What Parents Need to Know About Kids and Colds
As winter has come to a close, children and their families may they feel like everyone in the house has been sick forever! It can be frustrating as a parent as the long nights turn into long months. Colds in children lead to loss of sleep for child and parents, visits to the pediatrician’s office, and a lot of missed work.
What is the average number of respiratory tract infections?
Healthy children typically experience six to eight upper respiratory tract infections (cold, runny nose, cough, sore throat symptoms) per year in the first few years of life. However, up to 15 infections per year can still be within the normal range!
The reason children have infections this often in the first years of life is because their immune system is still maturing and due to their continued exposure to respiratory virus/bacteria in day care and/or school. It can take many years for children to develop their immune system enough to decrease the number of infections as there are at least 100 viruses can cause symptoms of the common cold!
How long does a respiratory tract infection typically last?
Most respiratory infections can take up to two weeks to resolve. Cold viruses occur much more often during the winter compared to summer months, so respiratory infections might occur as often as once a month during the winter!
When you consider all this as a parent, feeling like your child is always sick is not necessarily exaggerated. It no surprise that parents want relief but when does your children just have normal colds that can be treated at home and when are all these infections something to talk more about with your pediatrician?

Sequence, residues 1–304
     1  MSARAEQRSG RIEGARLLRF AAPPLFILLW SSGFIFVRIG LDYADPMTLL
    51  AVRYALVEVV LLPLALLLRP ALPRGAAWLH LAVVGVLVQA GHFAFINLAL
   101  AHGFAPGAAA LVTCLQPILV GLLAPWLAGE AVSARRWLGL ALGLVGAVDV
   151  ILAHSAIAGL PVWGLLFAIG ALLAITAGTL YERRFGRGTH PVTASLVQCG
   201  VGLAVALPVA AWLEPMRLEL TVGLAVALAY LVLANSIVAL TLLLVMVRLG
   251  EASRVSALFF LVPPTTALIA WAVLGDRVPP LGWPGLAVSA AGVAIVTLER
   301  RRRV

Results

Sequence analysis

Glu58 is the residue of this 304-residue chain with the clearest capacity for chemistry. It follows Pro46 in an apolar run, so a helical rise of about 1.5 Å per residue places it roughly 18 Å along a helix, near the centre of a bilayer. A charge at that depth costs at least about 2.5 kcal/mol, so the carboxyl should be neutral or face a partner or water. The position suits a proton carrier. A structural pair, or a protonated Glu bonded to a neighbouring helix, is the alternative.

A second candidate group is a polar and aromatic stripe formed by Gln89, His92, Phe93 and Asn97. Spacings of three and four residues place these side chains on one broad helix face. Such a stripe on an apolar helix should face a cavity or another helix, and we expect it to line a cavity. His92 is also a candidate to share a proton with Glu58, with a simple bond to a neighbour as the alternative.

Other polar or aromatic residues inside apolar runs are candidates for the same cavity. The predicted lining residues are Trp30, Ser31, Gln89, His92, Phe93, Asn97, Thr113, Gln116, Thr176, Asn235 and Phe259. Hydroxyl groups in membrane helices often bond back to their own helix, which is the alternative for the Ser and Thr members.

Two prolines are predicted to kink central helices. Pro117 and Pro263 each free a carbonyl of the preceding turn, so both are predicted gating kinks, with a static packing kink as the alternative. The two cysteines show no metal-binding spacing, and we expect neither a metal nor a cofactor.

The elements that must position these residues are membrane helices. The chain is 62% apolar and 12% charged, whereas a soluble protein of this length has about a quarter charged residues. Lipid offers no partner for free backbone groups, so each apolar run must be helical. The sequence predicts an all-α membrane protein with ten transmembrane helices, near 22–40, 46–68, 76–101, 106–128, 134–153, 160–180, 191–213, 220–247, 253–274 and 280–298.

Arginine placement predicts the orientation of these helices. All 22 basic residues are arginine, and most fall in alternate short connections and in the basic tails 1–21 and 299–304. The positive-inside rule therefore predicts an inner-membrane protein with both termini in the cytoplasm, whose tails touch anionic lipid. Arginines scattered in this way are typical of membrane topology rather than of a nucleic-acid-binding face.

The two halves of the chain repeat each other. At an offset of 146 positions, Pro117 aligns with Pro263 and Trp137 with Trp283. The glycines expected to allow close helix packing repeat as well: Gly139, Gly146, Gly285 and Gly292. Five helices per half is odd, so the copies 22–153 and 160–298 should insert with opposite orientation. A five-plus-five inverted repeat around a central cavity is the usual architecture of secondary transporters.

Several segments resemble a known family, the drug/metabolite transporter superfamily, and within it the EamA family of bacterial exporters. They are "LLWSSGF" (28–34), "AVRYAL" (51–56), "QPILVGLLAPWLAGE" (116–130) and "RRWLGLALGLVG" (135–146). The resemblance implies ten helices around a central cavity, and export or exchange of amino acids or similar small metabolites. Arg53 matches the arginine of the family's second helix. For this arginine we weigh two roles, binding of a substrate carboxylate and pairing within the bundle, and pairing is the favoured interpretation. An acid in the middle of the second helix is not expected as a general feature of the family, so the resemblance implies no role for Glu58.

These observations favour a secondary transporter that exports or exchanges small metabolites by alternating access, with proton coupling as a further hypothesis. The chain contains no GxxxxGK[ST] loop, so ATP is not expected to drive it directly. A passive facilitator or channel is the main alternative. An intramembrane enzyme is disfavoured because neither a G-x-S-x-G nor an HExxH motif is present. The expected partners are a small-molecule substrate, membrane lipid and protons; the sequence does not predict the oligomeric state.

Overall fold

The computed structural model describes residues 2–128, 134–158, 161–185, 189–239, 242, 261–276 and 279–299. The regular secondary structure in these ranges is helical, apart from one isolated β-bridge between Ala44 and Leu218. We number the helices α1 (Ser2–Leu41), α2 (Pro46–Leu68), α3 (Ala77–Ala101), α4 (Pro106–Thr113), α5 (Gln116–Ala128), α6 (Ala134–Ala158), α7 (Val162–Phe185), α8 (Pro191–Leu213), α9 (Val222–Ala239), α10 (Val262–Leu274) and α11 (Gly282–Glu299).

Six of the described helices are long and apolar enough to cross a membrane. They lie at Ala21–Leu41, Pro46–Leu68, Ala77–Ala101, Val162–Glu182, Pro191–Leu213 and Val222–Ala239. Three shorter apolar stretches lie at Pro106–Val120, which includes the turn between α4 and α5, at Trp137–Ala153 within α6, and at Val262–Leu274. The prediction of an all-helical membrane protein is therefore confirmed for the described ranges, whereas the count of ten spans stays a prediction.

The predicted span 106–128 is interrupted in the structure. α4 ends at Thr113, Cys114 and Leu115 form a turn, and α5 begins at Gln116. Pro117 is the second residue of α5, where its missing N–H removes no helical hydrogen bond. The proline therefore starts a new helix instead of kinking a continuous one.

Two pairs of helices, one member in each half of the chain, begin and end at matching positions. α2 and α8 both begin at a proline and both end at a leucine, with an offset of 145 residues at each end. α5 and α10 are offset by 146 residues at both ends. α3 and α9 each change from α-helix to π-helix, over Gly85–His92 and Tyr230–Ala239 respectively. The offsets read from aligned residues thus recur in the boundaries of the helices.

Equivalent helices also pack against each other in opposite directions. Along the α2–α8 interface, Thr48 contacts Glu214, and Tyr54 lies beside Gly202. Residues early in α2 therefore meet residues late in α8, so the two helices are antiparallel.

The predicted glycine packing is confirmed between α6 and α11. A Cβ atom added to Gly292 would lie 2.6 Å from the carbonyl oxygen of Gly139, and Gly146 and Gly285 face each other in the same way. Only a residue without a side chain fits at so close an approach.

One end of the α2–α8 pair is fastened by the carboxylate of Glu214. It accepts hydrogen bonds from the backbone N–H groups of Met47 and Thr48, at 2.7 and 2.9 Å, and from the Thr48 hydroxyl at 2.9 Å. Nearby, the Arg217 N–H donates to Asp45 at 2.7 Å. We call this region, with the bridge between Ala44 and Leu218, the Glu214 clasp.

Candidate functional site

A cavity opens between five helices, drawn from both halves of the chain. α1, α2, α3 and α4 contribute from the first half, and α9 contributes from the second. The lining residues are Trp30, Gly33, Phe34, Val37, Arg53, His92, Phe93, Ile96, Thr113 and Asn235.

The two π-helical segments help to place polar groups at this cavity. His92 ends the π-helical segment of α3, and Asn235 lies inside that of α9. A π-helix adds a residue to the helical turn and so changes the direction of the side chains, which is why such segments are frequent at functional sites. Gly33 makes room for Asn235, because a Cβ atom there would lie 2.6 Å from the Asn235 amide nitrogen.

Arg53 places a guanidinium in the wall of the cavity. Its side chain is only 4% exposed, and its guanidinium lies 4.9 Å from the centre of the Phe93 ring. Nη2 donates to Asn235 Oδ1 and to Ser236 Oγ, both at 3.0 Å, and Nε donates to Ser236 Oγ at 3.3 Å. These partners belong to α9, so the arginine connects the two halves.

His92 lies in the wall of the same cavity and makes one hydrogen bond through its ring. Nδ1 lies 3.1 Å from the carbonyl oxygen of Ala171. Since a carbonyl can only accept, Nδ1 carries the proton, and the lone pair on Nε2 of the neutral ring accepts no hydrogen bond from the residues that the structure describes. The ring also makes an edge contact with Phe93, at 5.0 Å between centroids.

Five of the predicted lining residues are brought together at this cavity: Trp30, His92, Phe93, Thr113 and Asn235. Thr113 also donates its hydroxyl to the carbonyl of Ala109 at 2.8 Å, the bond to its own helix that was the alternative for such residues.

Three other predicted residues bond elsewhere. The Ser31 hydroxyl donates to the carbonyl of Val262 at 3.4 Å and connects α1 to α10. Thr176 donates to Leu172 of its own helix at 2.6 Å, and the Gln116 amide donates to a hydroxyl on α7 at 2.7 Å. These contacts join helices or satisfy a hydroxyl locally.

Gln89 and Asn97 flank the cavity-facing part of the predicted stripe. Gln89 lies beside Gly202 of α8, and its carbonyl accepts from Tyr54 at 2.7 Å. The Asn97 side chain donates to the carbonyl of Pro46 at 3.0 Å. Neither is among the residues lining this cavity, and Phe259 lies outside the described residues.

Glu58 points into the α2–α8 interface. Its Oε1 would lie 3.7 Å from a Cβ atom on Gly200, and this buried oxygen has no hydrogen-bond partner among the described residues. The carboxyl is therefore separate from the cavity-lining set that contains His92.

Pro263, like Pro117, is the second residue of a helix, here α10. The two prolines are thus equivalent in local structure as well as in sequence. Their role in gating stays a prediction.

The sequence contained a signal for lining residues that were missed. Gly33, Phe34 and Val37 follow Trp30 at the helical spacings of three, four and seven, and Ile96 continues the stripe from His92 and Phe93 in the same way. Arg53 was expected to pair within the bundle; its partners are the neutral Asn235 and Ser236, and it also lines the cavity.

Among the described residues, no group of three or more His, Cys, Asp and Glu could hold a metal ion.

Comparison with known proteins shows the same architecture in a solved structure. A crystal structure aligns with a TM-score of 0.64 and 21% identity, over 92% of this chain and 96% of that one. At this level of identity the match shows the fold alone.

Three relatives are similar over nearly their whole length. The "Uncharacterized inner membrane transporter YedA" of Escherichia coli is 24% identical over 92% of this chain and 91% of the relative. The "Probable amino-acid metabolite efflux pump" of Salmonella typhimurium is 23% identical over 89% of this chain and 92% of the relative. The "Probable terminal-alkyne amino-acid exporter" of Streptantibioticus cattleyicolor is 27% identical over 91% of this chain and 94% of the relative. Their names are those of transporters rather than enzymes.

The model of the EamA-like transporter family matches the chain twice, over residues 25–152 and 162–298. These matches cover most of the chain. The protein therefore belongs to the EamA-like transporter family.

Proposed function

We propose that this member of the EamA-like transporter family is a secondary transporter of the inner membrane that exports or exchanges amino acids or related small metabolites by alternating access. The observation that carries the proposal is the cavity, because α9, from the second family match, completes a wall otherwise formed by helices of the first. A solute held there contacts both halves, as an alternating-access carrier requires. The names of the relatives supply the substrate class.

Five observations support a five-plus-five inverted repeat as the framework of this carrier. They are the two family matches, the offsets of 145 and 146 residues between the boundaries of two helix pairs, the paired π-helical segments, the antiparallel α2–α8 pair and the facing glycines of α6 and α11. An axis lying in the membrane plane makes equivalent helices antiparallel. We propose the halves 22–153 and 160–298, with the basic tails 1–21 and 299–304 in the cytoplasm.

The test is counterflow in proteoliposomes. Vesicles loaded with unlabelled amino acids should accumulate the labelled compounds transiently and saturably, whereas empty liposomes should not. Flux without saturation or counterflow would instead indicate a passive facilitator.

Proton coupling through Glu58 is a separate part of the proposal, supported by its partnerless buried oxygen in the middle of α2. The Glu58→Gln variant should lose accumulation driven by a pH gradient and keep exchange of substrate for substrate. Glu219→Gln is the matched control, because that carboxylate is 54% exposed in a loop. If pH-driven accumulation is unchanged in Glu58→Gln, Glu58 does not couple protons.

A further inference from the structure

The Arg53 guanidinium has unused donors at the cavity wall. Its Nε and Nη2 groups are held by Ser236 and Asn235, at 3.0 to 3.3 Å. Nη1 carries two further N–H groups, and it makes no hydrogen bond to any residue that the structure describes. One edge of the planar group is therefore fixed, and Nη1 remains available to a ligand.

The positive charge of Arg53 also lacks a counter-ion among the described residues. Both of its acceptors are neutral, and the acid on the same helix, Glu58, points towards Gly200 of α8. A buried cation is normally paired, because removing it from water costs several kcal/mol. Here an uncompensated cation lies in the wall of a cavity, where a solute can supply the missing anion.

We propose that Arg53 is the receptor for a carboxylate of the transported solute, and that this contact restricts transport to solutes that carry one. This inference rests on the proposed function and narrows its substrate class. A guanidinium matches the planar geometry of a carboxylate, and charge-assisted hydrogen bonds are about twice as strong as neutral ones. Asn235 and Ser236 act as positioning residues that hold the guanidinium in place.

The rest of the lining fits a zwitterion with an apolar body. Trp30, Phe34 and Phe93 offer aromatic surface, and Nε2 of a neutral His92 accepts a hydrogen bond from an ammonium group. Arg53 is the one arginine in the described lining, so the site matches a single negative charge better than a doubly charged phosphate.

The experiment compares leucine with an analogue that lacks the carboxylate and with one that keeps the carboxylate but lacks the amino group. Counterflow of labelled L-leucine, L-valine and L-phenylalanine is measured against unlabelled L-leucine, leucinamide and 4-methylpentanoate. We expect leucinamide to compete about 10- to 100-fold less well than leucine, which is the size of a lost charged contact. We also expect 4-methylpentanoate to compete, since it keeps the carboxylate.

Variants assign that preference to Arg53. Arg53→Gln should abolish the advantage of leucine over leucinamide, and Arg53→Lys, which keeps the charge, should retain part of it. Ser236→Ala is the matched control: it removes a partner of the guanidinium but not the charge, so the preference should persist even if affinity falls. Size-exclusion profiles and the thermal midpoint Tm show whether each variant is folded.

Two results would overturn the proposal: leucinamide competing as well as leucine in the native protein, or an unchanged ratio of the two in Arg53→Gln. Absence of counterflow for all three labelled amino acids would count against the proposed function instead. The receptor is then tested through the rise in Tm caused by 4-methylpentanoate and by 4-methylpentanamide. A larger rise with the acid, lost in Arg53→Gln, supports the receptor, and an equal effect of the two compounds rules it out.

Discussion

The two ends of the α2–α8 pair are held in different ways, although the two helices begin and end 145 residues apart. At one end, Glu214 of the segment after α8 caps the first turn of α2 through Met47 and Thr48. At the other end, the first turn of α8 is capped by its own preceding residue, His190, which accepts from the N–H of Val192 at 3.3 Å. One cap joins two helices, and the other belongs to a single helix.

When should I be worried?
Pediatric primary care physicians frequently see children who have recurrent infections, most of whom are healthy. A very small amount, about 1 in 500 children, have an immunodeficiency.
An immunodeficiency happens when your body doesn’t have the ability to produce a response to fight viruses and bacteria. Most immunodeficiencies are inherited in our genes so they are present at birth but some may not show signs until late in childhood. It does take time for the pattern of recurrent infections to develop. Most immunodeficiencies will have other symptoms including difficulty gaining weight or growing, taking many months of antibiotics by mouth without improvement of infection or having a close family member who has an immunodeficiency are among some of the signs.
If your child seems to have colds through the winter be reassured that having an underlying abnormality is uncommon. If your children seems to have more going on than just regular colds, you should discuss whether any further work up should be done with your pediatrician to make sure your child stays healthy and successful.
Matthew Saia, MD, is a pediatrician at the University of Vermont Medical Center and assistant professor at the Larner College of Medicine at UVM in Burlington, VT. He specializes in adolescent care, patient-centered medical home and school-based health.